Couple accused of torturing, murdering women go on trial
The so-called 'house of horrors' in Höxter where the couple allegedly tortured and killed women. Photo: DPA.

A couple accused of luring women to their village home with personal ads started trial on Wednesday over charges that they tortured and killed at least two of their victims.

After July attacks, govt drafts new video surveillance law
Photo: DPA

The Interior Ministry is drafting a law which will enable public spaces to be filmed for surveillance purposes as a reaction to deadly attacks in July, according to a newspaper report.

Merkel: murky internet giants distort perception of reality
Angela Merkel. Photo: DPA.

Chancellor Angela Merkel called on Tuesday for internet giants to make public their closely-guarded algorithms, claiming that they are not giving people diverse enough information.

10 ways German completely messes up your English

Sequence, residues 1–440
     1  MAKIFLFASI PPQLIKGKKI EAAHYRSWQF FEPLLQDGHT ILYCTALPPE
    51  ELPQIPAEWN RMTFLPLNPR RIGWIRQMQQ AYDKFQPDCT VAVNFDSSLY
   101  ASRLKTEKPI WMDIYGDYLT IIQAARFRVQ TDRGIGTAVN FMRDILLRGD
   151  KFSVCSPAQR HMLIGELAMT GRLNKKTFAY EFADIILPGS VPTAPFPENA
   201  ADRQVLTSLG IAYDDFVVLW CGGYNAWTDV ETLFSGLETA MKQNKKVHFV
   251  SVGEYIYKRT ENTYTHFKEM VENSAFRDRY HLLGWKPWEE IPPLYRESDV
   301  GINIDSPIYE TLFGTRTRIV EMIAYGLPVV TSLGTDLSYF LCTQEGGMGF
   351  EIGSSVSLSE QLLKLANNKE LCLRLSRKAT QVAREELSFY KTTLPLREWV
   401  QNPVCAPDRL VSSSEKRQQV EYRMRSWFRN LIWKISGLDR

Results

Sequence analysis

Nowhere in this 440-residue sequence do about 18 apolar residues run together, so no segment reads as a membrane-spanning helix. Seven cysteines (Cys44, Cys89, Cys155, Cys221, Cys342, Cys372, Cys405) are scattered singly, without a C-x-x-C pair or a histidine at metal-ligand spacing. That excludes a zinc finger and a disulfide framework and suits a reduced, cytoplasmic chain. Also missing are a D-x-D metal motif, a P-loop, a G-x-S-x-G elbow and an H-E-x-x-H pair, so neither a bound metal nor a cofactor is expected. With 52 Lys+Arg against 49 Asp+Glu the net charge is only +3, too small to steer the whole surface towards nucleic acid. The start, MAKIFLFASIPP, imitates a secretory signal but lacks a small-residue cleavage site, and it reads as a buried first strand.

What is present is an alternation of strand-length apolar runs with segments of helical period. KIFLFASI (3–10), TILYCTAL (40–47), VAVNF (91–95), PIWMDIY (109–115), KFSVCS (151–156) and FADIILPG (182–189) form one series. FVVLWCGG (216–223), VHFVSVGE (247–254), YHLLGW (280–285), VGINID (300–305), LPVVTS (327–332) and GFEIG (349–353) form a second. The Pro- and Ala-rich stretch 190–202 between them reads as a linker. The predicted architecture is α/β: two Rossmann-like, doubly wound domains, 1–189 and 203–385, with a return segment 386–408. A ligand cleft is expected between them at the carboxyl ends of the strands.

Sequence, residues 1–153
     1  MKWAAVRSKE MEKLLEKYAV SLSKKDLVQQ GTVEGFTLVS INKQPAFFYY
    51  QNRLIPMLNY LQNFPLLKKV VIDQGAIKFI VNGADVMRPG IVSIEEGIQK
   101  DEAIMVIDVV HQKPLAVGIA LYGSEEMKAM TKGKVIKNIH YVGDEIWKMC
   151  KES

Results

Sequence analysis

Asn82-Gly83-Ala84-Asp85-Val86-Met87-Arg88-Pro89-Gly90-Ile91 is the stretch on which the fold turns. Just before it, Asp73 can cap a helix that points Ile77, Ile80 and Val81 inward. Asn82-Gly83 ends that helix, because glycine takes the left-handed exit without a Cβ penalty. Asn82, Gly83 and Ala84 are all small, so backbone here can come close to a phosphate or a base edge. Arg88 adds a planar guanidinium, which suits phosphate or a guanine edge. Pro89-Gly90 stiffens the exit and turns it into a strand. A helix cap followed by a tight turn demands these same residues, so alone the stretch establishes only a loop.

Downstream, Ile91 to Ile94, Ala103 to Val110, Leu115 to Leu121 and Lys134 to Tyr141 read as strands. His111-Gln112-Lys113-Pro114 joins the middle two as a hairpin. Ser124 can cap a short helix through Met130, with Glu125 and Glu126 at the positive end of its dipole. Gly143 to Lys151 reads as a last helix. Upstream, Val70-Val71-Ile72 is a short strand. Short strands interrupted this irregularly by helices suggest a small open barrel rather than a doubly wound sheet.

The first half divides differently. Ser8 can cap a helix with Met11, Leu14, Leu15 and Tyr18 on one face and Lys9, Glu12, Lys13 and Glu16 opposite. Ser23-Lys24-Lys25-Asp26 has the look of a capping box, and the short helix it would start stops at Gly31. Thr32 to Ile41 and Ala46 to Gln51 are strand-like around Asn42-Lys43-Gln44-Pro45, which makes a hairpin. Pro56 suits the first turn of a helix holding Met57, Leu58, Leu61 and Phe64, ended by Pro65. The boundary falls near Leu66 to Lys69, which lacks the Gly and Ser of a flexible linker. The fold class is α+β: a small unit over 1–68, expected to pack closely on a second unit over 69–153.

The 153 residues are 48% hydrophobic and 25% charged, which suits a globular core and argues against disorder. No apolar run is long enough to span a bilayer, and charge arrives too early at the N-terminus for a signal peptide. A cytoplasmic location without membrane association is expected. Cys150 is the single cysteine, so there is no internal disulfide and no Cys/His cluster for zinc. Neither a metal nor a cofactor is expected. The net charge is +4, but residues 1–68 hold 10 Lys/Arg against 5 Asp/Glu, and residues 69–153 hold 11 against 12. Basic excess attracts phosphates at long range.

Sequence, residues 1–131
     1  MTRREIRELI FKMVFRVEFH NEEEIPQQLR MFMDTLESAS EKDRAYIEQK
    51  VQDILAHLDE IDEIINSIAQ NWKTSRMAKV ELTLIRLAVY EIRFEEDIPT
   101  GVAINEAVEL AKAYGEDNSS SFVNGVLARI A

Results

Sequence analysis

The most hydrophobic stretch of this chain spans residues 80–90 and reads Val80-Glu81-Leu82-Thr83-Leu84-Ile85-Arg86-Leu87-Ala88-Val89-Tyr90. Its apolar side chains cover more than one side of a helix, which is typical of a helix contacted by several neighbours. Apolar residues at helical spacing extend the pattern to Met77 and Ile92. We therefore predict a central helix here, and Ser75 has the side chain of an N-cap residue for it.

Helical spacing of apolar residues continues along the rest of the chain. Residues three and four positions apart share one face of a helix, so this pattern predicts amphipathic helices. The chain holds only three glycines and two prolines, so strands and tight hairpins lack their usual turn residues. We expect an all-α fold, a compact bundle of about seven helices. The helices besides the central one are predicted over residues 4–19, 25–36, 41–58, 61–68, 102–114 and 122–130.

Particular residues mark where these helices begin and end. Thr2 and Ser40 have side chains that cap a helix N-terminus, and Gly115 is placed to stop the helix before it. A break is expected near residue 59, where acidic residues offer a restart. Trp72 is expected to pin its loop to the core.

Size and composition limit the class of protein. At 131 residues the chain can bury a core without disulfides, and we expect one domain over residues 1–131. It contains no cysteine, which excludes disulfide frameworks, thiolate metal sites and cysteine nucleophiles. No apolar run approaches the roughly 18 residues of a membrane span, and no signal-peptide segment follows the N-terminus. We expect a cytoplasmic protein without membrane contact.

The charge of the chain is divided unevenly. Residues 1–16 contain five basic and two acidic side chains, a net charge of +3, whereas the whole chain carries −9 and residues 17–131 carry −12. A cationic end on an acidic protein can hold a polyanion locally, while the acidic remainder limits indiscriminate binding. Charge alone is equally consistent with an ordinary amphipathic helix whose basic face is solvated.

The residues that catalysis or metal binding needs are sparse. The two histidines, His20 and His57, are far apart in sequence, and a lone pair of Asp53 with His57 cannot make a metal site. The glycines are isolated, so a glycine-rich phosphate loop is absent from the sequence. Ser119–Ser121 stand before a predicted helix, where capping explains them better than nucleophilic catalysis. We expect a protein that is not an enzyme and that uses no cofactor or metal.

Sponsored Article
Last chance to vote absentee in the US elections
Germany's 10 most weird and wonderful landmarks
10 things you never knew about socialist East Germany
How Germans fell in love with America's favourite squash
How I ditched London for Berlin and became a published author
12 clever German idioms that'll make you sound like a pro
23 fascinating facts you never knew about Berlin
9 unmissable events to check out in Germany this October
10 things you never knew about German reunification
10 things you're sure to notice after an Oktoberfest visit
Germany's 10 most Instagram-able places
15 pics that prove Germany is absolutely enchanting in autumn
10 German films you have to watch before you die
6 things about Munich that’ll stay with you forever
10 pieces of German slang you'll never learn in class
Ouch! Naked swimmer hospitalized after angler hooks his penis
Six reasons why Berlin is now known as 'the failed city'
15 tell-tale signs you’ll never quite master German
7 American habits that make Germans very, very uncomfortable
Story of a fugitive cow who outwitted police for weeks before capture
Eleven famous Germans with surnames that'll make your sides split
jobs available
Toytown Germany
Germany's English-speaking crowd